5
$\begingroup$

What is the difference between eigenvectors and principal component. I got confused about this point because some researches reported that the principal components are the same eigenvectors of covariance matrix whereas, the others say that the principal components are the yield of eigenvectors (weights) of covariance matrix multiplied with the original data.

Please if some one can help me in this point.

$\endgroup$
  • $\begingroup$ when i learnt it, it was just the eigenvectors of the matrix. but the matrix does not have to be covariance matrix. it can be correlation matrix, because covariance matrix depend on the scale of the variable. (but use covariance if all the variables are of the same dimension and have the same unit) $\endgroup$ – Lost1 Apr 10 '13 at 12:42
  • $\begingroup$ There is also a (somehow sophisticated) difference between "principal axis" and "principal component". While the view at the statistical "items" leads to the notion of "components" (and then to the "principal components") the view into an (euclidean) coordinates-system in which the items are located leads to the notion of "axes" (of that coordinate system) and the "principal axes". The model of "eigenvectors" is here identified with that view at axes of an euclidean system/vector space, and the "principal axes" identify then with the eigenvectors. (...) $\endgroup$ – Gottfried Helms Apr 10 '13 at 14:03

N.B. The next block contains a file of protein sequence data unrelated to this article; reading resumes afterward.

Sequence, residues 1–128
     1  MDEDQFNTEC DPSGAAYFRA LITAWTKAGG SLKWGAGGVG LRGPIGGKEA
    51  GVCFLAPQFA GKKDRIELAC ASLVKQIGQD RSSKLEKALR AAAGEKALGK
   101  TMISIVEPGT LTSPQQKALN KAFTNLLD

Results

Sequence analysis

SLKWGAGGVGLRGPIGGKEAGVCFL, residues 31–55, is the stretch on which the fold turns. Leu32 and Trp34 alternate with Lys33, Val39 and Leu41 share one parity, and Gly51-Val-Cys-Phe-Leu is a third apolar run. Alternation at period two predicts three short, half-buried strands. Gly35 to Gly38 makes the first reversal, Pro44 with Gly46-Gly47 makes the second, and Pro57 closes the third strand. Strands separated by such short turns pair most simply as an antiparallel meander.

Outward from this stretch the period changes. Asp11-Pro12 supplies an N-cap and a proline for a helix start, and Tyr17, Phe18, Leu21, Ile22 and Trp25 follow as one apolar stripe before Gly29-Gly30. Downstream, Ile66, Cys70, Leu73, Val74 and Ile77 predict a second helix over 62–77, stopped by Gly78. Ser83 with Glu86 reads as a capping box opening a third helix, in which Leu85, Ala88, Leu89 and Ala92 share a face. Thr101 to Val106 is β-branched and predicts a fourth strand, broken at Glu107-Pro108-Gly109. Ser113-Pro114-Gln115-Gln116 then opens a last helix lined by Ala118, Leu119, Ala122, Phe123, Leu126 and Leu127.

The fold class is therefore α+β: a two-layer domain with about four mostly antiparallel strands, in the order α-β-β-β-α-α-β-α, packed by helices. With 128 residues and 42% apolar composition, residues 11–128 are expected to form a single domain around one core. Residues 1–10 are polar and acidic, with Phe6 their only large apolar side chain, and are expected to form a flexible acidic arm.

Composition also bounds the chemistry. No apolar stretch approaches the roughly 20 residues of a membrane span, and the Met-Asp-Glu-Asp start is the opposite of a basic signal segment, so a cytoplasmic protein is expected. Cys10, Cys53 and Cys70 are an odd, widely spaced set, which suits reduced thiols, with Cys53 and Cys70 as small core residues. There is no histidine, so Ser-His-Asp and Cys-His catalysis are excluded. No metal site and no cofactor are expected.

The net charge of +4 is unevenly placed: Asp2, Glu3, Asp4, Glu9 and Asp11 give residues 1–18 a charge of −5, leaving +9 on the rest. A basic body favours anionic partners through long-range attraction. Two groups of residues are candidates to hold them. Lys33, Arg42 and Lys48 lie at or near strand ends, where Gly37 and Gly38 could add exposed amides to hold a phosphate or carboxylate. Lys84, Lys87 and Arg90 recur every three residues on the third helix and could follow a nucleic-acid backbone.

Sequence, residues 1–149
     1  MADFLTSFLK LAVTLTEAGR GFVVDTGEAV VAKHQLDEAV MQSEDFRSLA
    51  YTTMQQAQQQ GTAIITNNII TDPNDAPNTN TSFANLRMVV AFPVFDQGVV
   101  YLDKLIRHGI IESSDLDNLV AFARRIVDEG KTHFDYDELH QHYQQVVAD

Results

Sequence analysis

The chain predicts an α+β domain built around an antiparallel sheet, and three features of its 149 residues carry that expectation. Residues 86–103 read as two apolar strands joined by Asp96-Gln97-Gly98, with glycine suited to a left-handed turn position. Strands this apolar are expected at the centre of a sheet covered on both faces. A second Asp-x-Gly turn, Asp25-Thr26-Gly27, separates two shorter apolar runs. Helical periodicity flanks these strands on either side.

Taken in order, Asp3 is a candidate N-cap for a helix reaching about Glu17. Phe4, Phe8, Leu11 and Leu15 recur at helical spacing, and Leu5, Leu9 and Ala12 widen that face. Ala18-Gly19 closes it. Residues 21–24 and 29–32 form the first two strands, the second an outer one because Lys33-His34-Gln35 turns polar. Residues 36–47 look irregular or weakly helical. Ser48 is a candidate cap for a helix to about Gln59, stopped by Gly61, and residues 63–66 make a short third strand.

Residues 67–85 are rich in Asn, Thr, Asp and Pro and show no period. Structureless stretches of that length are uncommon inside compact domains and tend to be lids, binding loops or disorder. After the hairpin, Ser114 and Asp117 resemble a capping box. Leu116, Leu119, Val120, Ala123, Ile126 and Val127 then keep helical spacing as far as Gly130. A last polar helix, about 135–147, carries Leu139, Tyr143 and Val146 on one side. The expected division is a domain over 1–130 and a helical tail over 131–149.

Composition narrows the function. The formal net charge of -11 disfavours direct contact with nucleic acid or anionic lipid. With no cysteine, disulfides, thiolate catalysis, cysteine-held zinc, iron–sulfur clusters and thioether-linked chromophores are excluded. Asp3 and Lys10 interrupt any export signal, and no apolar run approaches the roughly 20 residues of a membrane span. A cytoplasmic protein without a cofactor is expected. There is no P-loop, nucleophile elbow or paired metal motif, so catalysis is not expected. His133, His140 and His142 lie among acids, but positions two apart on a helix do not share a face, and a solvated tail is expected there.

• $\begingroup$ (...) Then a "principal component" is (according to the "item-view") one (latent, not directly measured) item (or "component"), whose only nonzero coordinate is that on the principal axis. The latter identity may be the reason for the (irritatingly interchangeably) common usage of "principal component" and "eigenvector". Additionally, the "principal components" coordinate is then scaled by the eigenvalue associated with that specific eigenvector/on that n'th principal axis. $\endgroup$ – Gottfried Helms Apr 10 '13 at 14:07
1
$\begingroup$

Loosely speaking the eigenvectors are just the linear combinations of the original variables. Their eigenvalues which are associated with each principal component tell you how much variation in the data set is explained.

Please have a look at the very good answers here.

$\endgroup$

Your Answer

By clicking “Post Your Answer”, you agree to our terms of service, privacy policy and cookie policy

Not the answer you're looking for? Browse other questions tagged or ask your own question.